Blue Chip Sept 2017 - Breathing New Life Into Old Wood
SPRINGFIELD — Urban Lumber Co. makes wood furniture, but that’s where the similarities with most other custom furniture manufacturers end.
Instead of making furniture from conventional lumber, the eight-employee firm in Springfield makes a variety of wood furniture and decor from salvaged trees and razed buildings.
Urban Lumber takes fallen tree trunks and other wood destined for fireplaces, chip piles or landfills and turns them into custom tables, chairs, bar tops, mantles, bed frames, natural-edge wood slabs and other items.
In little more than a decade, owner Seth San Filippo has established Urban Lumber Co. as one of the leading custom furniture makers of its type in the nation.
Some firms or individuals may make custom furniture from downed trees or discarded lumber, but “few are as large as what we do,” San Filippo said.
“Last year, we built over 700 pieces of furniture, all custom from locally salvaged trees,” he said. “We are planning on increasing that number to between 800 and 900 this year.”
The firm sells many of its products to customers outside of Eugene-Springfield, including California and other states.
San Filippo expects 2017 annual sales at Urban Lumber to reach $1.2 million, which would be the first time the firm exceeded $1 million in yearly revenue.
The company is located in the historic Booth-Kelly Mill, next to downtown Springfield. It had a showroom in Healdsburg, Calif., north of San Francisco, for three years until July, when it was unable to renew a lease.
Urban Lumber also has a presence in Los Angeles through a wholesale, appointment-only showroom that caters to retailers and commercial buyers.
Urban Lumber, a manufacturer of high quality products, brings dollars to Springfield from outside the area, “which is a huge boost to our economic engine,” said Courtney Griesel, Springfield’s economic development manager.
The firm’s attractive furniture burnishes the city’s image elsewhere in Oregon and beyond the state, she said.
“Having Springfield-made furniture out in the national and international markets helps build the community’s reputation,” she said. “These beautiful products that are handcrafted with attention to detail and made of high quality and sustainably sourced wood, end up in peoples’ homes and workplaces both inside and outside the region. This is really important to Springfield, Lane County and the Willamette Valley.”
Urban Lumber thrives from its location in the fertile Willamette Valley, where urban forests provide plentiful supplies of maple, oak, black walnut, Douglas fir and other woods at minimal cost.
“Not every part of the world has this type of resource to pull from,” San Filippo said.
The company grew with consumer interest in sustainability and products made locally from already existing materials, he said.
“We take something that is rough and forgotten about and make it new again,” San Filippo said. “It’s going to live on, probably longer than it did in its original form.”
Urban Lumber Co. makes items as small as kitchen cutting boards and as large as 25-foot-long conference tables, or even larger. Most of the company’s products sell for between $3,000 to $5,000, including various-sized tables, bed frames, and bar tops.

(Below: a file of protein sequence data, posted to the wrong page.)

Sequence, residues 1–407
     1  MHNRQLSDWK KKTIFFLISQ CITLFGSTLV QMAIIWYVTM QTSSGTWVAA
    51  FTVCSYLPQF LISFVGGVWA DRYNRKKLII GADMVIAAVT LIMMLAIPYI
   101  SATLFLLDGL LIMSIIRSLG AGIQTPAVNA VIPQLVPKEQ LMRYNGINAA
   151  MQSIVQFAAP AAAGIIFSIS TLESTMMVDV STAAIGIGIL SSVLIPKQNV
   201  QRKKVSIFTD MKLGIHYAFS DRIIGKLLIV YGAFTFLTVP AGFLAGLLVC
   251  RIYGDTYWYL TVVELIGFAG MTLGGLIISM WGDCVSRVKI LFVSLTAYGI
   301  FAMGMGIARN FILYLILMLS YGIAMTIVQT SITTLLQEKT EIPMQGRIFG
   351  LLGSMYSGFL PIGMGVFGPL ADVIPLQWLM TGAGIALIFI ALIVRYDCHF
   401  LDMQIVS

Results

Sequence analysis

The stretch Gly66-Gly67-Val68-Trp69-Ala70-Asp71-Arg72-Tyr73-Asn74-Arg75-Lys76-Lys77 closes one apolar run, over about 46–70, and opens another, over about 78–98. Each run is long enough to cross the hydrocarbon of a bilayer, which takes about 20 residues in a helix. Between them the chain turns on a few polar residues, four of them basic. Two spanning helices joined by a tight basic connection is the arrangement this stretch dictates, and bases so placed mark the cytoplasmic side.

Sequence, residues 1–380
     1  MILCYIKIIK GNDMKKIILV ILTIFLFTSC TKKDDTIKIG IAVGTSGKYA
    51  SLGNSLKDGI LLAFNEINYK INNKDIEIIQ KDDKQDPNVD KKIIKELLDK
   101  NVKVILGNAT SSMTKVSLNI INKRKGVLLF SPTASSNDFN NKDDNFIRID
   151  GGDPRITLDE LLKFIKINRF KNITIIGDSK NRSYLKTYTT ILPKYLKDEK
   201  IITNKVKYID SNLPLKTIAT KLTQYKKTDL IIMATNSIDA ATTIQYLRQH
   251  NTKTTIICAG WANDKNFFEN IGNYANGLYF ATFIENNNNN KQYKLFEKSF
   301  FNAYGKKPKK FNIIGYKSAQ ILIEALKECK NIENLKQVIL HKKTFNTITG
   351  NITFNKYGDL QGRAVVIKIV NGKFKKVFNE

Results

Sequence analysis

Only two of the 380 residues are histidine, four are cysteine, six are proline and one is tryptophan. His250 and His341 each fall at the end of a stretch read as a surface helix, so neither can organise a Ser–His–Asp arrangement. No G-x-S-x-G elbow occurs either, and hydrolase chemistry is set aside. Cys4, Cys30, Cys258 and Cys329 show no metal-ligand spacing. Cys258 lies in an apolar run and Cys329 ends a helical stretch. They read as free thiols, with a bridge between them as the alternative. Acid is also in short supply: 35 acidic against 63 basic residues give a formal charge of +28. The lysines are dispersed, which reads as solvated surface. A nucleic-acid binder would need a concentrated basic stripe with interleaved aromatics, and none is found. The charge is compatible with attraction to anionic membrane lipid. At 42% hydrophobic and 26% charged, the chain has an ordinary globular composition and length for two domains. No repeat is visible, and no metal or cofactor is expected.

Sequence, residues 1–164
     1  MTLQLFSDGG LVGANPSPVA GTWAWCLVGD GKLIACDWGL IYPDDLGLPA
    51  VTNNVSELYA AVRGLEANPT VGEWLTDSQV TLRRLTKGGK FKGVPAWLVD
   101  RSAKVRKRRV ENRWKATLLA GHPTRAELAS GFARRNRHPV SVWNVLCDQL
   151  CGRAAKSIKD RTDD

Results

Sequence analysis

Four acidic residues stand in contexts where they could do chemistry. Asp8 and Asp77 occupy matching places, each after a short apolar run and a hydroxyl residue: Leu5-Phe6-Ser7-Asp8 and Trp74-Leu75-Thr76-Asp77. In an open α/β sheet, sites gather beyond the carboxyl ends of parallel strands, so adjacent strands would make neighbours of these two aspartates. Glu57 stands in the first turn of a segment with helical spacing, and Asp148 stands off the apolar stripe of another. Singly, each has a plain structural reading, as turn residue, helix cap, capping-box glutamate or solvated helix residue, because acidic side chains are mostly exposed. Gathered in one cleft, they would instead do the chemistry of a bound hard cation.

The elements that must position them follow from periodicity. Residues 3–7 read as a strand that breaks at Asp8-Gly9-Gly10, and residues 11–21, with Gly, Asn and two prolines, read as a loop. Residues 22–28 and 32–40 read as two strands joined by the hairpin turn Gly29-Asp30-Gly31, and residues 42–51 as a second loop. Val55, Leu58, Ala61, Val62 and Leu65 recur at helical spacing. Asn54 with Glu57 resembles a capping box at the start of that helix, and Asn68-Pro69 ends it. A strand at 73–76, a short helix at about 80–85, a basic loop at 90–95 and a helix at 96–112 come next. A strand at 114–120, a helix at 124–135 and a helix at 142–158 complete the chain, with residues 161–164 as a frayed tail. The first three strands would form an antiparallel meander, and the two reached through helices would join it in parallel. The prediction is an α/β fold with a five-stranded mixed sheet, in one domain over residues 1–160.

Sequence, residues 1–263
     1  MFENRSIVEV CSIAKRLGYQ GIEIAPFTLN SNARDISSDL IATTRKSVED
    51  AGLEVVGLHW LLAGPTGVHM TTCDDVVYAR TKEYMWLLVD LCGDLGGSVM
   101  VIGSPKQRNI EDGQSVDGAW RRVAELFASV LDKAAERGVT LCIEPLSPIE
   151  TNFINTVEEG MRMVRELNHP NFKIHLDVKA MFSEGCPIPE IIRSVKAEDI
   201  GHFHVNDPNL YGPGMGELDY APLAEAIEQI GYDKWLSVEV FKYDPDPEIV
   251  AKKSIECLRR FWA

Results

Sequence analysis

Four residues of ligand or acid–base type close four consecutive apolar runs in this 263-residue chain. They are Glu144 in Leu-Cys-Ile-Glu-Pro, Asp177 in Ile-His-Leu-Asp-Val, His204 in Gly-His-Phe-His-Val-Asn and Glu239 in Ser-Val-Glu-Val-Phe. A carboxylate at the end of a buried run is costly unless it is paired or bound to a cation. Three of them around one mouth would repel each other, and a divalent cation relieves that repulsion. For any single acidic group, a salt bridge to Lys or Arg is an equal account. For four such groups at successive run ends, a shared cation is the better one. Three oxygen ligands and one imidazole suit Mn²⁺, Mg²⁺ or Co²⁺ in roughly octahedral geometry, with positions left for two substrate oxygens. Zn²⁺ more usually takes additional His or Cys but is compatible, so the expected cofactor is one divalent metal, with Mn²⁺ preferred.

“Now, it’s very on trend to have things that are handmade in America again, that are built to last,” San Filippo said.
The company’s custom made furniture and decor can be found locally in such places as Hop Valley Brewing Co., Oakshire Brewing Co., Sweet Life Patisserie and Inn at the 5th. Outside of Lane County Urban Lumber has made furniture for Crater Lake Lodge and tech firms in Seattle and the San Francisco Bay Area.
Skateboards were his first products
The company began from the imagination of San Filippo, 37, who disliked seeing wood go to waste.
He had a long interest in wood and woodworking dating to when he helped his father in Yreka, Calif., remodel old houses.
San Filippo started his first business at age 19 in Eugene, with a $1,000 loan from his parents, making longboard skateboards from odd bits of wood, logs and stumps that otherwise would have been used for firewood or made into wood chips.
Eventually, he began to think about making furniture from cut tree trunks.
“While looking for unique wood for my skateboards, and seeing an untapped resource in fallen urban trees, I realized that there was a business opportunity in salvaging city trees for usable lumber,” San Filippo said.
He started Urban Lumber Co. in 2006 in a small shop near 24th and Main streets in Springfield, near the Rosboro wood products plant. Two years ago, needing more room, San Filippo moved the business to a 32,000-square-foot space in the Booth-Kelly Mill complex, which is owned by the city of Springfield.
That year, Urban Lumber also closed a showroom on East Broadway in downtown Eugene.
San Filippo said moving to larger quarters allowed him to put all operations including showrooms, offices, milling, steel work, furniture building and finishing in one location. “It has helped us be increasingly efficient and productive,” he said. “On top of that, the retail climate in downtown Eugene is tricky, and we’re happy to be part of downtown Springfield’s revitalization.”
Urban Lumber’s sales have grown each year, but San Filippo said the firm has yet to reach its potential.
“We are doing well,” he said. “I don’t think it’s at its maximum capacity. The move over here really helped us grow. I would like to maximize the space we have, add a few more people and focus on what we do best. And I think we could do more.”
A unique wood collection system
The company specializes in making custom pieces out of old, massive tree trunks and limbs.
Urban Lumber Co. gets much of its wood from old trees felled by public or private arborists or trees toppled by windstorms.
“You just don’t go down to your local lumberyard and pick up a 4-foot-wide slab of redwood or oak,” San Filippo said.
“We get these big Willamette Valley city trees that have been watered and cared for with plenty of sun for years,” he said. “And the trees get huge.”
To collect wood, the firm uses a crane truck capable of lifting 10,000 pounds.